by Karen Coney Coplin
March may have St. Patrick’s Day, but springtime in April offers two opportunities to celebrate “greenery” – Earth Day on April 22 and Arbor Day on April 24. The latter, a holiday since 1872, traditionally encourages planting of trees; the former might be celebrated in a similar fashion or in other ways of demonstrating environmental awareness, like clearing the waterways of trash.
“When is the best time to plant a tree? Twenty
years ago. When is the second best time? Today.”
The Naples Botanical Garden has taken an active role, year round, with the preservation of unique and significant trees. The “Legacy Tree” program is designed to save trees which otherwise will be lost to site-clearing and demolition for the construction of new homes and businesses.
Notable palms and other trees in the community can put their roots down, anew, at the Naples Botanical Garden – provided that a homeowner or “other who is aware of trees that may have historical significance or are special in some other way, and, are in danger of removal,” gets in touch with the Naples Botanical Garden. This way, the tree may be evaluated for relocation. Liz Chehayl, the Curator of Collections, can be reached for this purpose at LChehayl@Naplesgarden.org, or at 239.643.7275.
The Garden’s new Chabraja Visitors’ Center is flanked with a tree canopy that was the bequest of long-time Garden patrons and dedicated tree collectors. This, and the Leopard Trees at the Garden’s Performance Lawn, will live on alongside many colorful plantings such as the Cardinal Tree or Fairchild’s Folly, all legacies to be appreciated by many generations of Garden visitors.
The Garden has a special interest in Sterculia species as well as Albizia niopoides, formerly known as Caribea, as future legacy trees; however, as Ms. Chehaly points out, “sometimes there are many [different species] of trees on a single lot, and we would certainly like to hear about those situations too.”
Brian Galligan, the Garden’s Chief Horticulturist, pointed out that even if a tree does not qualify as a “Legacy Tree,” it can be simple and cost effective to relocate trees from their present location within the boundaries of a lot. This also can be safer than replacing trees with “new” specimens which may be root bound from being potted for a long time. “A tree’s life span will exceed ours in most cases,” he stated, suggesting that the relocation of mature specimens within a lot makes sense from a time standpoint (the tree is already mature) and, takes home safety into account (root systems for welldeveloped trees provide needed support during windstorms). Plus, an existing tree has already proven its suitability to an existing location i.e., the lot which otherwise would be clear cut.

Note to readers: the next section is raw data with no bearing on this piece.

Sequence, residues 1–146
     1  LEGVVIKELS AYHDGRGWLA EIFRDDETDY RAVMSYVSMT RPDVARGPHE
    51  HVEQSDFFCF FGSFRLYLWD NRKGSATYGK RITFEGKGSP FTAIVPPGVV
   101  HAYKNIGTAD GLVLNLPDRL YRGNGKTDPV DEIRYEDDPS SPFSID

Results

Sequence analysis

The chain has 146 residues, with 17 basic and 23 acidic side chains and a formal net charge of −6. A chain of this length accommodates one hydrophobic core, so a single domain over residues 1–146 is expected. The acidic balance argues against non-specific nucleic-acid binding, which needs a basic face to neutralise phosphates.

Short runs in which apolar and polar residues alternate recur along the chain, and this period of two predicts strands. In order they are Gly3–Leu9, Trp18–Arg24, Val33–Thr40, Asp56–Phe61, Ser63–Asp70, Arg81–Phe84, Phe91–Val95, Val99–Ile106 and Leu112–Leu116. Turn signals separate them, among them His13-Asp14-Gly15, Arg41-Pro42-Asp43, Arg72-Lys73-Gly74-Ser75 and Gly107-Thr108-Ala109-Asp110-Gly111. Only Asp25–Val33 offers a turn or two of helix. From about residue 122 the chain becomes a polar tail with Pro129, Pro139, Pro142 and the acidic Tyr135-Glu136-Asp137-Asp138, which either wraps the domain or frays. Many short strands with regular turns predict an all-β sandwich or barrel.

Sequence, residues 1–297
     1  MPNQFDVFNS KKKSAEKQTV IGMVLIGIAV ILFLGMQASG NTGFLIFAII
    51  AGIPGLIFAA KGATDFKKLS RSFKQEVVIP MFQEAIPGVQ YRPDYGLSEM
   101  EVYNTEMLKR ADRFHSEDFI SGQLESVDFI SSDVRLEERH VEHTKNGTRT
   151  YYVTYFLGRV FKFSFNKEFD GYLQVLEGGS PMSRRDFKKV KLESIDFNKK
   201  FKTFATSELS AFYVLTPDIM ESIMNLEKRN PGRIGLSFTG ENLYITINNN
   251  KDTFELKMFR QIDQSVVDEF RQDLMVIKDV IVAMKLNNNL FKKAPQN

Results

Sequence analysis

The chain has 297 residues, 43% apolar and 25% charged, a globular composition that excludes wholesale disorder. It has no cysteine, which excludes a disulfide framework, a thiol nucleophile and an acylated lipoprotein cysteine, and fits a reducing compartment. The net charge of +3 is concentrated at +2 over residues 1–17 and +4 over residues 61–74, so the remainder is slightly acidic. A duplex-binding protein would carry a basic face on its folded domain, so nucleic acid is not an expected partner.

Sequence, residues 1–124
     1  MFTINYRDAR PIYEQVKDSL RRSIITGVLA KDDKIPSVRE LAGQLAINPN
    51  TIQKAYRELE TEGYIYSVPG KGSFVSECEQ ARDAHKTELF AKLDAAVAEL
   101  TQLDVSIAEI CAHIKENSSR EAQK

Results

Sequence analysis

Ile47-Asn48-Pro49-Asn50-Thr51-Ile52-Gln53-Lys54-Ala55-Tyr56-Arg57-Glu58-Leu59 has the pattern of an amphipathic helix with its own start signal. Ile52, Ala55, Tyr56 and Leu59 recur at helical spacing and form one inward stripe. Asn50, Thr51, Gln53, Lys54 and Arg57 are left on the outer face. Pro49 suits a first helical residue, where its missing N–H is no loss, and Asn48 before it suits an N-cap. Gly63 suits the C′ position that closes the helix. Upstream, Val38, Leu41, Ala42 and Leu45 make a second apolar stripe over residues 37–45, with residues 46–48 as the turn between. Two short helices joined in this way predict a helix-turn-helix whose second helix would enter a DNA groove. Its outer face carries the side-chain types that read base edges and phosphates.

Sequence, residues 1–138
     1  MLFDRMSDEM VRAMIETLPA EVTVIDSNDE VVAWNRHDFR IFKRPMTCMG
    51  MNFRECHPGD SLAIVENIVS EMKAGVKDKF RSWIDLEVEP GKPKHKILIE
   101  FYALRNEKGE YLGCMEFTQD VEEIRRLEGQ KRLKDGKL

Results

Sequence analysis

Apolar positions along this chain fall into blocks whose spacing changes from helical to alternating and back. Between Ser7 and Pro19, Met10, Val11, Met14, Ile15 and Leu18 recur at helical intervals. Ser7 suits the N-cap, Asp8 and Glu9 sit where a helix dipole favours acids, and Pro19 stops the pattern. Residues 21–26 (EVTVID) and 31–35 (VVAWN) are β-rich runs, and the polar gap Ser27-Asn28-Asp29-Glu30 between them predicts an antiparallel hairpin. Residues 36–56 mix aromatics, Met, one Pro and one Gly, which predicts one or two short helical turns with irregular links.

The Naples Botanical Garden’s hard work runs the gamut of saving trees with character, to building character. School kids can participate in “Collier Greens,” a gardening support organization which works with over 5000 school kids in the community. Through Collier Greens, the Naples Botanical Garden helps schools develop gardens though mentoring, gardening classes, and fundraising.
One very involved teacher, Susan Paul-Decaster, of Laurel Oak Elementary, was just awarded a Golden Apple Award for engaging her third grade students with hands-on learning projects, inquiry and observation of her classroom’s STEM (Science, Technology, Engineering and Math)-based garden.
“To plant a garden is to believe in tomorrow.”
– Audrey Hepburn
Why else should kids learn to garden? In keeping with upcoming Earth Day, gardening helps students understand and respect our environment, while providing instruction on the care of living things. Kids can also develop patience as the garden grows and acquire a taste for home-grown vegetables and fruits. At the same time, they can experience the outdoors and all that it promotes: physical activity and an appreciation for nature.
Avalon Elementary, which is located in close proximity to the Garden, began a Global Garden program in 2003, which has served as a springboard of sorts for the Collier Greens program with outreach to many other schools. Several nearby elementary schools, like Parkside and Shadowlawn, have built and tended gardens on campus. The Shadowlawn school garden is notable for having donated over 50 lbs. of harvested food to St. Matthew’s House already.
The Garden’s Youth Program Manager, Britt Patterson-Weber, can be reached via email at: BPatterson-Weber@naplesgarden.org, with questions or to lend support. There are many ways to be a part of the Collier Greens initiative, whether by providing a year’s worth of seeds ($250) or building a school yard garden ($2,500) – or underwriting a garden workshop for 25 local teachers thereby seeing your gift exponentially increase, as this gift, of $1000, touches 500 students.
The Garden is beginning its third decade of service to the community, having preserved 170 acres of land from development, as an oasis of nature, education, conservation, artistic endeavors and more. From the Garden’s website naplesgarden.org: “In the next twenty years, 2.6 million acres of Florida land are likely to be converted to urban use, making Southwest Florida’s remaining green spaces all the more precious to future generations.” Saving a tree today, and teaching a kid how to garden, bodes well for our collective, indeed, connected future.
Email Karen at NaplesKCC@gmail.com. Karen moved to Naples in 1994, where then as an attorney she incorporated the Naples Botanical Garden as a pro bono act of public service. Connie Alsbrook, a longtime Naples resident, was part of a group of founding Naples Botanical Garden members who sought legal counsel, approaching Karen, Steve Thompson, Esq. and Jennifer Nackley, Esq., to create the Garden. The Garden today is a testament to these early goals, and, the promise of a vibrant future.